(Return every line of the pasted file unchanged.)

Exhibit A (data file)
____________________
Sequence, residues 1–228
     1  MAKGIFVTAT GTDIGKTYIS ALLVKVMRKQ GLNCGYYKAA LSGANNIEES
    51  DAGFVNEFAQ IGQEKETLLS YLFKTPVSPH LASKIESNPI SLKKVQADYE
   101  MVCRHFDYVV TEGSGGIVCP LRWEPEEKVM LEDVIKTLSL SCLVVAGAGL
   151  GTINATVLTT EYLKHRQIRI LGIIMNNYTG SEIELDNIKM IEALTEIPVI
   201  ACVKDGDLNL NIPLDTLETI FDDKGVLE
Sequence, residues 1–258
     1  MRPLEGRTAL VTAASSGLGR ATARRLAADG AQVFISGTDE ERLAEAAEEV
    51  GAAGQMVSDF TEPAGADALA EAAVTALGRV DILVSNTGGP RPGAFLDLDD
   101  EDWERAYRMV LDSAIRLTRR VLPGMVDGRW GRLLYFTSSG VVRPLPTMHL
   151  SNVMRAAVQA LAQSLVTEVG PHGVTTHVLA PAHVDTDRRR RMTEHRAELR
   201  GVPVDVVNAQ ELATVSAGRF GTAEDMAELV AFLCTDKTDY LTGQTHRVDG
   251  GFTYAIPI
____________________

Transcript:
Sequence, residues 1–228
     1  MAKGIFVTAT GTDIGKTYIS ALLVKVMRKQ GLNCGYYKAA LSGANNIEES
    51  DAGFVNEFAQ IGQEKETLLS YLFKTPVSPH LASKIESNPI SLKKVQADYE
   101  MVCRHFDYVV TEGSGGIVCP LRWEPEEKVM LEDVIKTLSL SCLVVAGAGL
   151  GTINATVLTT EYLKHRQIRI LGIIMNNYTG SEIELDNIKM IEALTEIPVI
   201  ACVKDGDLNL NIPLDTLETI FDDKGVLE
Sequence, residues 1–258
     1  MRPLEGRTAL VTAASSGLGR ATARRLAADG AQVFISGTDE ERLAEAAEEV
    51  GAAGQMVSDF TEPAGADALA EAAVTALGRV DILVSNTGGP RPGAFLDLDD
   101  EDWERAYRMV LDSAIRLTRR VLPGMVDGRW GRLLYFTSSG VVRPLPTMHL
   151  SNVMRAAVQA LAQSLVTEVG PHGVTTHVLA PAHVDTDRRR RMTEHRAELR
   201  GVPVDVVNAQ ELATVSAGRF GTAEDMAELV AFLCTDKTDY LTGQTHRVDG
   251  GFTYAIPI